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|Going 'green' in God's country|
Who would have ever thought northeastern Louisiana could evolve into the vanguard of the environmental movement in America?
That's what could be taking place in light of a formal announcement this week that some venture capitalists with ties to former Vice President Al Gore were leading the charge to bring an automobile assembly operation to the former Guide Corp. plant in eastern Ouachita Parish, creating some 1,400 new jobs along the way. Don't forget about the prospect that another 1,800 jobs most likely will be created by suppliers that will be called upon to provide goods and services for V-Vehicle, a start-up company which is expected to churn out some sort of a fuel efficient car.
To surmise, it would appear we're going "green" in God's country.
Once a vibrant facility, the former Guide plant off Interstate 20 east of Monroe employed some 800 people when it shuttered operations here a few years ago. Head lamps were produced at Guide for years, dating to the mid-1970s.
It was a United Auto Workers facility, meaning it was only a matter of time before the powers that be at Guide discovered head lamps could be built south of the border and beyond for a great deal less money than UAW employees demand.
In time, the Guide plant suffered the same fate that many facilities with ties to the American automobile industry encountered: It closed.
That's about to change thanks to a few heavy hitters, including venture capitalists Ray Lane and billionaire John Doerr of Silicon Valley in California. Lincoln Parish businessman James Davison, a billionaire in his own right, is involved in it, too.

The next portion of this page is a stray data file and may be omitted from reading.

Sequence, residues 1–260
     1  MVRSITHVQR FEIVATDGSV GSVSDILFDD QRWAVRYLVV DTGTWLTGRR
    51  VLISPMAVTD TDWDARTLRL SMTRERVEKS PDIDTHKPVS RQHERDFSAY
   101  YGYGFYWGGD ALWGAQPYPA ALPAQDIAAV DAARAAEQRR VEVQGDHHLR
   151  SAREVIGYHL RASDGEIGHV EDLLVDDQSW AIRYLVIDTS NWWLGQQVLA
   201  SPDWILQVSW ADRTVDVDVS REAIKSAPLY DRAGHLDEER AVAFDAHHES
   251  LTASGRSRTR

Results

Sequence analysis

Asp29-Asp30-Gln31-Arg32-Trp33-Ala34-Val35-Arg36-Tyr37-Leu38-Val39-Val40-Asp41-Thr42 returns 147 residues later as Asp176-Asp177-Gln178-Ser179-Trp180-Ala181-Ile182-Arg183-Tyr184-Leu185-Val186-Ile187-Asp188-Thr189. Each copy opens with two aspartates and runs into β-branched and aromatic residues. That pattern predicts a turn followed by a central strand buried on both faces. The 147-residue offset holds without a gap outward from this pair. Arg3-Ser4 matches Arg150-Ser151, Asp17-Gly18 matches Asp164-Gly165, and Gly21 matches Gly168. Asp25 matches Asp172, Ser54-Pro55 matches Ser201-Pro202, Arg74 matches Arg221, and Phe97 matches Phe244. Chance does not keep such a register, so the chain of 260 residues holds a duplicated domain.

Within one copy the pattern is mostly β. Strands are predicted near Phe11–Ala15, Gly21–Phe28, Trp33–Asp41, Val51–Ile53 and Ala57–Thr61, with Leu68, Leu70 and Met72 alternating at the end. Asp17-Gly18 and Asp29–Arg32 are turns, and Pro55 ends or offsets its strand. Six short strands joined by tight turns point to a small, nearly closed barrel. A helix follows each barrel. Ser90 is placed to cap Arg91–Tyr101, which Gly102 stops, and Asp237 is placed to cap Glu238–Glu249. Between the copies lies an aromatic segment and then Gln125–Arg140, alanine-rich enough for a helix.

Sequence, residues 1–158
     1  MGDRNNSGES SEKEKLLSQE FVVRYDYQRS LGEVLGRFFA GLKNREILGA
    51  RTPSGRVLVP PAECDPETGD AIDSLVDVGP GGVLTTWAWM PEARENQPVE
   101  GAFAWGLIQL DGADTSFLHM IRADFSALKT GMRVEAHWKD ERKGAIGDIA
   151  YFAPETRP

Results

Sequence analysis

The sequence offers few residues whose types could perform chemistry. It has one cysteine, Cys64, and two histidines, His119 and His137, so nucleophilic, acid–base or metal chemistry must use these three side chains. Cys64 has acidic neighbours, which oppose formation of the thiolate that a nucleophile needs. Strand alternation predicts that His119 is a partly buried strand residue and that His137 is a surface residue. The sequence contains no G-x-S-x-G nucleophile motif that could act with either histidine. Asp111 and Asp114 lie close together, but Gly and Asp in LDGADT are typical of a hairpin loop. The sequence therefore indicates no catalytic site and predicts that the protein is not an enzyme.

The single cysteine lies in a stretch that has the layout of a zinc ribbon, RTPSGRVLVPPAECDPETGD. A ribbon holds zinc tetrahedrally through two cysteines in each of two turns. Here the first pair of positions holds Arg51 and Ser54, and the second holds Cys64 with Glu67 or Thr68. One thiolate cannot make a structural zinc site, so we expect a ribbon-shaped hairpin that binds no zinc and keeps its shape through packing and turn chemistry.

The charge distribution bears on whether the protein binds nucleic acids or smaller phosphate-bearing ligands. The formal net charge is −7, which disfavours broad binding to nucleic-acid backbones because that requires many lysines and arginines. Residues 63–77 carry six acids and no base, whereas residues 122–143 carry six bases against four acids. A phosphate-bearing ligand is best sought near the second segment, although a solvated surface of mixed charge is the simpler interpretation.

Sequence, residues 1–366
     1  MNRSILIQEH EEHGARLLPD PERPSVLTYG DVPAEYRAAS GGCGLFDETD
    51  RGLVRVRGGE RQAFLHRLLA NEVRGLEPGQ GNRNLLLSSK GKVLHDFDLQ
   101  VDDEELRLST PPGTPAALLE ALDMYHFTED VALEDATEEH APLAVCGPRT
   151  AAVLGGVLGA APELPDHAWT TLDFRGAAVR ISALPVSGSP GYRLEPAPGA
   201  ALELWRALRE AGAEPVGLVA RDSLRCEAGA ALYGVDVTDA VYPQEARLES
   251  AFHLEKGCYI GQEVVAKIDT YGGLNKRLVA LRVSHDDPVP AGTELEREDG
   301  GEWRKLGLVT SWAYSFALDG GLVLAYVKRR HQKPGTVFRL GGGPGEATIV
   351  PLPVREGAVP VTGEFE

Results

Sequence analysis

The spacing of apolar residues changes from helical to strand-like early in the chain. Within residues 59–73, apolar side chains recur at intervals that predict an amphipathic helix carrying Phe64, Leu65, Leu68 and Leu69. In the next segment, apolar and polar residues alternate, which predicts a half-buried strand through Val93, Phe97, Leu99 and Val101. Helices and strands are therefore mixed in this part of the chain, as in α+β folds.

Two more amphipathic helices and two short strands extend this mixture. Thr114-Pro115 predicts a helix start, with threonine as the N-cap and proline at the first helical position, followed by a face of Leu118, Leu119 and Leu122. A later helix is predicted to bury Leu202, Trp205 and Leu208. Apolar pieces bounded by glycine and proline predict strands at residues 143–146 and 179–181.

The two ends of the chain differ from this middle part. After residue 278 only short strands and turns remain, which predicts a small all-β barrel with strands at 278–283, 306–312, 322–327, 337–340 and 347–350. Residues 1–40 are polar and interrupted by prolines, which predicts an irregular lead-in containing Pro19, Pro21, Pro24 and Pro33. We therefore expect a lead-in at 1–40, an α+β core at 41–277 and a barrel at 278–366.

Lane and Doerr are partners at Kleiner, Perkins, Caufield and Byers (KPCB), a California-based venture capital firm. Gore, the former vice president, is associated with the firm as well.
KPCB can point to Amazon.com, Google and America Online as projects it funded in some fashion or another. It also is financing—in part or outright—Fisker Automotive, a company involved in the hybrid automobile industry.
Doerr is close to the Obama administration. In fact, he serves on the President's Economic Recovery Advisory Board.
Most everyone knows Davison, who bought the former Guide facility last year. Remember, Davison's the fellow who sold some 49 percent of one of his companies to Genesis Energy, a publicly held concern in Houston, Texas. Davison collected some $600 million cash from Genesis and secured control of Genesis's board of directors.
A damn fine deal if you can get it.
Though it's crystal clear the men spearheading the effort to breathe life into the former Guide plant are what we would describe as "tall timber," they're businessmen. In other words, they make investments in a company or companies they believe will yield a solid return for their money. They also will invest in an environment (pardon the pun) in which a state is willing to offer incentives that make it more than attractive, or lucrative, to invest their hard-earned money.
That's where Gov. Bobby Jindal and the folks at Louisiana Economic Development Corp. arrived on the scene, offering V-Vehicle what amounts to a $100 million incentives package to the company to northeastern Louisiana. Let's not forget about the $15 million local governing bodies in Ouachita Parish offered in conjunction with Ouachita Economic Development Land Corp. The land corporation obtained its wealth from selling an asset it was given to the state of Louisiana.
While the details are sketchy on the finer points of the state's incentives package for the new auto plant, suffice it to say some lucrative tax breaks are involved. Delta Community College will play a role in the matter, too, offering training for people who desire to work at the new auto plant.
It remains unclear as well how local governments in Ouachita will pay for the $15 million in incentives it offered Lane and Doerr and company. A two-mill property tax has been bantered about, though it is within reason to suggest a new tax proposition in Ouachita Parish would be about as popular as chitlins cookin' on Deborah Drive in north Monroe.
Yet, we should bask in the moment, give thanks for being offered an opportunity to continue to rebuild our economic base, and let's worry about the details later.